60 W. Randolph St., Suite 450, Chicago, IL 60601

Search
Livas Law Group

Premises Liability: Why Does Foreseeability Matter?

Posted on in Personal Injury

Chicago premises liability attorneysThe basic concept of premises liability means that a property owner can be held liable for injuries occurring on his or her property. In most personal injury cases involving premises liability, however, the injured party must show the owner or occupier of the property was negligent or committed a willful act that caused the injuries. Such cases often hinge on the idea of foreseeability and whether the owner of the property should have reasonably expected the consequences that occurred as a result of his or her negligence or actions.

Understanding Foreseeability

In a retail setting, for example, if a store employee mops a floor and fails to place “wet floor” warning signs, a slip and fall injury would almost certainly be foreseeable. Slip and fall accidents are common on wet floors, and store employees are expected to take precautions to prevent injuries. The responsibility for the injury would likely extend to store management or ownership for unsafe practices.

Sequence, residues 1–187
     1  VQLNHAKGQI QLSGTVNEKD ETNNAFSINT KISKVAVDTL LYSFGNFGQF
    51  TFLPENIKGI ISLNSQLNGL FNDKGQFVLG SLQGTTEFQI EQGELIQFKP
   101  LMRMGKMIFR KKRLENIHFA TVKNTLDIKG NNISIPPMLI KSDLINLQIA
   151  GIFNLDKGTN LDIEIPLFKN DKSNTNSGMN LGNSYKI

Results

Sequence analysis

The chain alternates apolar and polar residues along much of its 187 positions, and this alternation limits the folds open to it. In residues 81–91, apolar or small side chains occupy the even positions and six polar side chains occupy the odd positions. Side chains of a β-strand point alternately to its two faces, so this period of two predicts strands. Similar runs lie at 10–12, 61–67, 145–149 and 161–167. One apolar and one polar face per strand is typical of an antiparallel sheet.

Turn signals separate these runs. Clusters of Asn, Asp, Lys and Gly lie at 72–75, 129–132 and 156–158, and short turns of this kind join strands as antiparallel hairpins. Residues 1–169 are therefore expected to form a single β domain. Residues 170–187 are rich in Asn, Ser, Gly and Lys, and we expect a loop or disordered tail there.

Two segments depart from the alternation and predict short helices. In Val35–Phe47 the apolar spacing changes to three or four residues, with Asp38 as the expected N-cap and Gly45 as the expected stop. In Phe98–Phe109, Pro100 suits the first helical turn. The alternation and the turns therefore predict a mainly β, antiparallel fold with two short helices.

Conversely, consider an example in a grocery store that carries a particular brand of salad dressing containing peanuts. The dressing is packaged in glass bottles. A child running through the aisles of the store knocks a bottle of the shelf, and it explodes on the floor, splashing dressing into the eyes of nearby shopper who happens to have a severe peanut allergy. If the shopper then experiences an allergic reaction and is injured, he or she may try to hold the store owner liable. However, the store owner would certainly be able to argue that there was no way to foresee such an unusual combination of circumstances and that the shopper’s injuries were not due to negligence or actions on the part of the owner.

Foreseeability and the Extent of Injury

Following an injury, if the injured party can show that any injury at all was foreseeable, then the liable party is likely to responsible for the full extent of the injury. For example, a property owner who fails to have a broken floor tile fixed may realize that some injury is possible, such a twisted ankle or stubbed toe. If the broken tile instead results in a compound leg fracture, the foreseeability of the seriousness of the injury is not a defense. Some injury was foreseeable so liability exists for the full injury.

Contact an Illinois Personal Injury Attorney

Personal injury and foreseeability can be very complicated areas of the law. If you have been injured by the negligence or actions of another person, contact an experienced Chicago personal injury lawyer today. We will help you understand your options and work with you in getting the compensation you deserve. Call 312-804-6102 for a free, confidential consultation at the Livas Law Group, A Division of Kralovec, Jambois & Schwartz today. 

 

Sources:

https://www.law.cornell.edu/wex/foreseeability

http://premisesliability.uslegal.com/negligence-as-basis-for-recovery/foreseeability/

Back to Top